Both groups had comparable changes from baseline in the primary endpoint of left ventricular end-systolic dimension (LVESD),  as well secondary echocardiographic endpoints, exercise capacity, and levels of the heart failure serum biomarker N-terminal prohormone brain natriuretic peptide (NT-proBNP).

However, there were significant differences between the groups for three subjective endpoints related to quality of life.

Analyses of the Minnesota Living with Heart Failure Questionnaire (MLHFQ) and the Short Form 36 Health Survey (SF-36) demonstrated statistically significant improvement in quality of life with VNS treatment compared to controls (MLHFQ p=0.049; SF-36 Physical and Mental, p=0.02 and 0.24, respectively).

Additionally, 62% of patients in the VNS group had an improvement of at least one point from baseline in their New York Heart Association (NYHA) functional classification compared to only 45% of control patients (p=0.032).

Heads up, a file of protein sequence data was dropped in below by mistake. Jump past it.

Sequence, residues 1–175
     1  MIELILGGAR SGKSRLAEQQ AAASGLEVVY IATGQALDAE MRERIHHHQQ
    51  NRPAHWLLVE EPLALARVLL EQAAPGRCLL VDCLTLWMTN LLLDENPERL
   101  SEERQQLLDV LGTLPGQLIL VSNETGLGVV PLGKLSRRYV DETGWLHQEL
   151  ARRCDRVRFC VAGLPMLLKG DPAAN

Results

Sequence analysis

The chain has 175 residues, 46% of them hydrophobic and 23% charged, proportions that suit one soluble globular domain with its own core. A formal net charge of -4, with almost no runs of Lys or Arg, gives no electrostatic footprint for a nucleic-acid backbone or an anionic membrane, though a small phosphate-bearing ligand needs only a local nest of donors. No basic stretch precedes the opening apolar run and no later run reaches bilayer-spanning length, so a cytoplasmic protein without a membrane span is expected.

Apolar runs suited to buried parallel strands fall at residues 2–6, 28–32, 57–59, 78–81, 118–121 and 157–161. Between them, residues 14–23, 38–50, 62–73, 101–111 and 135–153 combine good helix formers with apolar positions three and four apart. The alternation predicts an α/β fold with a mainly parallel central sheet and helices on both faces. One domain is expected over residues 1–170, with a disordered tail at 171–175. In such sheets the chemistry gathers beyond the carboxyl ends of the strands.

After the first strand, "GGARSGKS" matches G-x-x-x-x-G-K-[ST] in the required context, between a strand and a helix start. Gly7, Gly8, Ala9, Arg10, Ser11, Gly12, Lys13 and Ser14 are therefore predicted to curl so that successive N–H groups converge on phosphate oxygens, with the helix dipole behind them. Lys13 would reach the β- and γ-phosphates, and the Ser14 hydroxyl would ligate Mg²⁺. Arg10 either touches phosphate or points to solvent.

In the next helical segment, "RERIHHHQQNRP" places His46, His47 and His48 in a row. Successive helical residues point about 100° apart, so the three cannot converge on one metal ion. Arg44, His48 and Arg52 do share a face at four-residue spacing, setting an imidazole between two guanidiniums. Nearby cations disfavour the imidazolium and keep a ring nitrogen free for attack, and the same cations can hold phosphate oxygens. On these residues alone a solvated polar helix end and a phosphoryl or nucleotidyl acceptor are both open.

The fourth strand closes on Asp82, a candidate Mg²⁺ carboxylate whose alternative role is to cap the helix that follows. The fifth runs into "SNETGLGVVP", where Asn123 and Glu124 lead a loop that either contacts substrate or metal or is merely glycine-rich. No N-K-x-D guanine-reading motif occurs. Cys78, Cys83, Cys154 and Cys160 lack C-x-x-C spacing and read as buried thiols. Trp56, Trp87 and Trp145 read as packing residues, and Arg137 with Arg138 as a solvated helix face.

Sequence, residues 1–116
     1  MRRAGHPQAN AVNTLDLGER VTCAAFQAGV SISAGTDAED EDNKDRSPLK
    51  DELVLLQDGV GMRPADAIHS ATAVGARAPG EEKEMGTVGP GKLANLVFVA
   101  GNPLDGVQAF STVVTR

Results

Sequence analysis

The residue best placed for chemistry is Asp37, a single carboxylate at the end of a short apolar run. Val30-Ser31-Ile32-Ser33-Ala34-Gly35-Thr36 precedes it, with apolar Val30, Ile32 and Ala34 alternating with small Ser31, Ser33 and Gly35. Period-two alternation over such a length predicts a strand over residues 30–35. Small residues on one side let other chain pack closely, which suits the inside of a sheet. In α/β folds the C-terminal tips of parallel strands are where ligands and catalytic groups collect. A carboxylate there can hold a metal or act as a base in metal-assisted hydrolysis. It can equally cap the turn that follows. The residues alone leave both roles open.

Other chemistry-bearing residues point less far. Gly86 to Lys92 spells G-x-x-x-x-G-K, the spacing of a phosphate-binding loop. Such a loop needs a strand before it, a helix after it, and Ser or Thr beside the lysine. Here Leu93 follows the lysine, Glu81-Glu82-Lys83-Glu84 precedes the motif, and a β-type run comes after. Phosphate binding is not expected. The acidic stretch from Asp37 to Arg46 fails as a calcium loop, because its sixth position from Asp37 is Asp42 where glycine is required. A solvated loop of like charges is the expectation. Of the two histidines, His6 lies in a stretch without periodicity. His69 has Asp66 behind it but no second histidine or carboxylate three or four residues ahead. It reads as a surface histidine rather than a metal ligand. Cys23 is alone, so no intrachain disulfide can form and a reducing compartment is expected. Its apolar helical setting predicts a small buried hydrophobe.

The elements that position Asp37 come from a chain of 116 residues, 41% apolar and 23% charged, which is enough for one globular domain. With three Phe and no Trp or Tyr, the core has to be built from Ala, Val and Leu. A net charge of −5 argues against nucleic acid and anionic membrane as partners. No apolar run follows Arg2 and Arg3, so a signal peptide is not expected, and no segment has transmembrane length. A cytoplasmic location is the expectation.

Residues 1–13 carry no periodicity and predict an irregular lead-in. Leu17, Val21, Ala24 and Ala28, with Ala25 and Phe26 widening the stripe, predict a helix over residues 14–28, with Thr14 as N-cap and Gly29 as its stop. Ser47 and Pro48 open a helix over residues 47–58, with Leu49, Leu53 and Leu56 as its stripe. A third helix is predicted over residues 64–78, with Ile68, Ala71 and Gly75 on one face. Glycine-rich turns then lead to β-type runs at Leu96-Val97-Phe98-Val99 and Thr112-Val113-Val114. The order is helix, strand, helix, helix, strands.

“The safety profile for this application of VNS appeared acceptable, with an overall infection rate of 7.4%, which is comparable to that in patients implanted with a VNS system for the treatment of epilepsy,” noted Professor Zannad.

Given that preliminary studies suggested a benefit of VNS, there are a number of possible explanations for NECTAR-HF’s negative findings.

First, there is still much to learn about the appropriate dosing and technique of VNS. Data from epilepsy VNS studies show that higher-amplitude dosing might be more effective, but it is often not possible because it causes patient discomfort, said Professor Zannad.

Second, patients in the NECTAR-HF trial were relatively well-managed on medical therapy alone, making them perhaps not the best candidates to show a strong benefit of VNS.

Third, the six-month study period may have been too short to detect changes in cardiac function.
Although patients were blinded to their group assignment, meaning they were not told if they were receiving active treatment, it is possible that those in the active treatment group were able to feel the sensation of stimulation. If this was the case, patients could have been vulnerable to a placebo effect, knowing that they were receiving active therapy.